2. I don’t think they are “demonstration laps” like we see today. Full blown testing had not been outlawed in 2004 yet.

  5. Just a thought. Having a look at the track map in comparision with modern tracks which were given the Tilke-treatment, you can see all flowing corners, one after the other, and there’s nothing in there which is a sharp angle. Ever since he did Bahrain, he’s got an obsession with harpins and sharp “pointy” corners. Yet drivers praise Mugello, Imola, Zandvoort, even Portimao… Spa, Silverstone, Suzuka…

    If a Tilke track was a cookie cutter, you’d not be able to eat a cookie without cutting half your fingers…

    1. Drivers may praise these more traditional style circuits because they get to drive on them.

      F1 viewers, on the other hand, will not be treated to the same privilege and will be stuck watching F1 cars follow each other with several seconds between each one. No overtaking except on the main straight under DRS assistance.

      Tilke’s company only designs circuits and circuit facility upgrades.
      The FIA updates its circuit Grade Certification system for improved safety and various other features. Circuit owners choose from multiple circuit designs. Fans call for faster racing cars. Racing series push for more aerodynamically dependent cars to satisfy their customers – with the obvious (to some of us, anyway) associated consequences.
      Blaming Tilke for all that seems kinda short-sighted or uninformed, to me…

      1. Jose Lopes da Silva
        26th July 2020, 16:20

        Maybe we could slowly get to the point that Tilke is doing a good job and that we should look elsewhere to look for the blame of boring races.
        By some people standards, Imola races in 2005 and 2006 were boring, and yet they would have been impossible to perform if DRS was in place back then.

      2. I’m not blaming Tilke 100%, but their track do share responsability for the lame racing we see sometimes. Or are you going to tell me that Abu Dhabi is the best track they could’ve possibly ever designed? The island was empty, they could’ve done anything they wanted.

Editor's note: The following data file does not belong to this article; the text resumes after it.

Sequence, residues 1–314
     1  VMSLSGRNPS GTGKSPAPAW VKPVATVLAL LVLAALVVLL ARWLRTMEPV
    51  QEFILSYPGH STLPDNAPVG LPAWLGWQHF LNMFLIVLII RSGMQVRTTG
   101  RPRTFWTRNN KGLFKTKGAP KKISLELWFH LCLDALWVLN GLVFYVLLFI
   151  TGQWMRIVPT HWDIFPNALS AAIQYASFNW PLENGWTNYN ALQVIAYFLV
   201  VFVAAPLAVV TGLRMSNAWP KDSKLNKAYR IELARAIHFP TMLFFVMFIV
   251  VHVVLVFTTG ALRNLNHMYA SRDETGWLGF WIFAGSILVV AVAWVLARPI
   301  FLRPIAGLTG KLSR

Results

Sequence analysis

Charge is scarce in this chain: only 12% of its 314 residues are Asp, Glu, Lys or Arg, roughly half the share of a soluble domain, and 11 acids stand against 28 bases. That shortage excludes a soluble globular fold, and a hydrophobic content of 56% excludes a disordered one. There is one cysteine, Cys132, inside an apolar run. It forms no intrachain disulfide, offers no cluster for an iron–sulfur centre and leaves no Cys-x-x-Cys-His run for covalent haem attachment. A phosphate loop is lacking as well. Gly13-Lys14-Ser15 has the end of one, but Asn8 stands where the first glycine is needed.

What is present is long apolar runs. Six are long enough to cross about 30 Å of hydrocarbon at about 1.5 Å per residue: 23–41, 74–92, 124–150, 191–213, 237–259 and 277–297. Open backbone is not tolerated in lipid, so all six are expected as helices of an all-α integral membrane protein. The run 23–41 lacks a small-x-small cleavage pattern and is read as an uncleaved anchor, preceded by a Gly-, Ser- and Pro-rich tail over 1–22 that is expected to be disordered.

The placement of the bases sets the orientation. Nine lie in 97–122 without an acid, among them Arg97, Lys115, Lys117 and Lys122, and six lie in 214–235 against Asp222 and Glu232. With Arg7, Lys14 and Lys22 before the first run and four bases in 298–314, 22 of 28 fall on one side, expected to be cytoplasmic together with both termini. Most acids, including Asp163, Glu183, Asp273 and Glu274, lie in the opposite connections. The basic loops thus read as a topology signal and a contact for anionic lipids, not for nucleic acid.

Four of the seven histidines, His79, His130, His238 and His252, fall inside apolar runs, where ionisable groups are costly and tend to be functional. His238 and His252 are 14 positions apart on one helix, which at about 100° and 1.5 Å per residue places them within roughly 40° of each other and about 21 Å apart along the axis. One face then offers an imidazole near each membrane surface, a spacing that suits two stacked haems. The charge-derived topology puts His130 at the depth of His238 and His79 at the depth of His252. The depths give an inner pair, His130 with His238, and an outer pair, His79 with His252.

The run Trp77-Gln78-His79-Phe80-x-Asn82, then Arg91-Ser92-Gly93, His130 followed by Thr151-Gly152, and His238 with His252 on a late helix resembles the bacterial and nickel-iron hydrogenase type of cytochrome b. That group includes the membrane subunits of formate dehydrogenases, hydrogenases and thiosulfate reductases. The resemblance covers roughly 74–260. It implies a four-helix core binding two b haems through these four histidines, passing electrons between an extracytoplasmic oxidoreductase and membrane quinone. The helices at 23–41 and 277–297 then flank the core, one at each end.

You’re telling me it’s short-sighted or uninformed yet you say traditional circuits, for the viewers, offer just F1 cars following each other without overtaking. Tell me how that’s different to the modern tracks…

        1. Tilke designs tracks to the customers requirements. If he didn’t he wouldn’t get very many contracts. The fact he keeps getting contracts means his customers are happy.

        2. Jose Lopes da Silva
          26th July 2020, 21:33

          So we’re gradually agreeing that all tracks, classic or modern, provide processions. Nothing to do with Tilke. We would need different cars.

          Maybe we need a radical revolution, like turning it into a spec series, or following that wacky suggestion of rotating drivers through all teams throughout the season.

  6. I’m glad this is most likely to be a “one-off”, in that the novelty of a new circuit will exist in the minds of plenty, and some might even not be bothered by the fact it is a circuit lacking in overtaking opportunities.

    Maybe some of us will be entertained by how the Mercedes will turn certain corners into straights, like in Hungary…

    1. It will be an interesting event but probably not so much a great race. It’s an amazing track with flow even in Forza. But great flow in the track makes for good GT or even prototype racing, but it’s terrible for F1 if you want cars passing all the time. The wash will make some of the long corners impossible to follow and get that great draft, or even DRS, because you’ll have to take a worse line or drop back.

      That said, qualifying should be crazy to watch and possibly better than the race.

  7. Full blown testing had not been outlawed in 2004 yet, so they were using Mugello for testing very often during the entire year. Mind you, it was for testing purposes. That unofficial record might not be an absolute display of pace for the F2004, it would have been a good indication of great possibilities. The F2004 was the fastest F1 car until this current generation showed up, 12 years of records standings. I would love to see that F2004 on the current tires to see a real comparison.

  8. Silverstone is a circuit with a lot of high speed corners but still the last race(s) were fun to watch due to many good battles. So I don’t see the point of rubbish race as cars can’t follow each other.

    1. Silverstone has much longer straights than the recent calendar additions.
      And they can’t follow through the medium/high speed corners there either, they just have enough space on the straights to make up for the loss in the corners.

  9. Mercedes cars will smash the lap record at Mugello when they race there later this year.
    Ferrari will be looking not to be lapped as their major achievement for the weekend.